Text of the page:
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How do you live on bank interest when rates are this low?

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2020 will be remembered for a lot of things.

COVID-19, mostly. And the bush fires that ravaged the country in January and February.

It’s been a helluva year.

2020 will also be remembered as the year the RBA’s official cash rate hit 0.1%.

It’s not zero. But it might as well be.

Yes, it makes mortgages cheaper. And business loans. 

(Not credit cards, though. How good is competition, huh?).

You know the other thing it keeps low? The interest rate on your saving.

Then again, can we really call 0% an interest rate at all?

Whenever the RBA’s rates decisions are made, attention turns instantly to the impact on those with a mortgage.

I guess that’s logical, but it ignores the fact that the majority of Australians don’t have one.

We’re split into three roughly equal groups – those who have a mortgage, those who rent, and those who own their homes outright.

So while the attention is on the borrowers, what happens to the poor bloody savers when rates are near zero?

They get dudded.

Not deliberately. And not (at least, arguably) unfairly.

But they’re the collateral damage in the fight to keep the economy growing.

Unless you have millions (and millions) in the bank, you simply can’t pay the bills using the interest you get on cash in the bank.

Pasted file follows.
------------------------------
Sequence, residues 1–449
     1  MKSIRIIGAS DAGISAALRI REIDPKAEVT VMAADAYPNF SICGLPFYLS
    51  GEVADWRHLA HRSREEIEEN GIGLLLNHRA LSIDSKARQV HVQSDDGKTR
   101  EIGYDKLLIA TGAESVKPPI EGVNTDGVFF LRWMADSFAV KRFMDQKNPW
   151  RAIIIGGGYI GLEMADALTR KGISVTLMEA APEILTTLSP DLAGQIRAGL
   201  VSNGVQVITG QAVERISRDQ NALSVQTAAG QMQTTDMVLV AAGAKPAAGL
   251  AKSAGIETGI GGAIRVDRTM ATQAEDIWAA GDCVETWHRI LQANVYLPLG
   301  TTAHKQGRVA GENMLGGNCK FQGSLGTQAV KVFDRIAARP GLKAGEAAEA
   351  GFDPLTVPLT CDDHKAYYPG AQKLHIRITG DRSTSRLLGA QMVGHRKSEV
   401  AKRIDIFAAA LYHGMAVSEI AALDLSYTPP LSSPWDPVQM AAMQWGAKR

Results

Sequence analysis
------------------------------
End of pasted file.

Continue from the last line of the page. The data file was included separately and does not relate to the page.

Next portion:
Either you’re digging (deep) into your capital, or you have to cut back. Hard.

Or, there are reverse mortgages, which eat into the equity in your home.

Talk about three tough options.

So what do you do?

It mightn’t surprise you to hear this from me, but I think the answer is shares.

In particular, dividend shares.


Well, the yields are much higher (sometimes 5-10 times higher!) than cash in the bank.

They often also come with valuable franking credits attached.

And, while shares as an asset class are risky, a well-chosen portfolio and a long-term mindset can meaningfully mitigate much (but not all) of that risk.

See, shares have, over time, delivered much better returns than cash.

Yes, with a lot more volatility.

And yes, with a big variability in individual company outcomes.

But managed well – diversified, using a cash cushion, and having a long-term mindset – I think shares can be a very, very effective alternative to cash.

Which, I think, is somewhat understating it.

More directly, I think you have a very good chance of being able to fund retirement expenses while preserving (and probably growing) your capital, using shares, in a way you simply can’t with an equivalent cash pile.

There’s no need for a fancy trading strategy using options or other derivatives, either!

(And don’t get me started on those ‘high interest, paid monthly’ products that are being flogged in the papers these days. If it looks too good to be true…)

I know for some of you, the idea of abandoning savings for what you might see as ‘risky’ shares is anathema. If you’ve never invested in shares – or used them for income – I don’t blame you.

It’s like you have a gun to your head, and you’re being forced to choose between less interest and more risk.

Actually, it’s not like that, at all. It is exactly that.

Now, as I said, it needs to be a well-managed portfolio. It needs to be diversified. You need to know what you’re doing. And you need to have a long-term mindset and be prepared for volatility.

But, especially given the alternative is paltry, I reckon that’s something that’s worth trying to get comfortable with.

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Motley Fool contributor Scott Phillips has no position in any of the stocks mentioned. The Motley Fool Australia has no position in any of the stocks mentioned. The Motley Fool has a disclosure policy. This article contains general investment advice only (under AFSL 400691). Authorised by Bruce Jackson.

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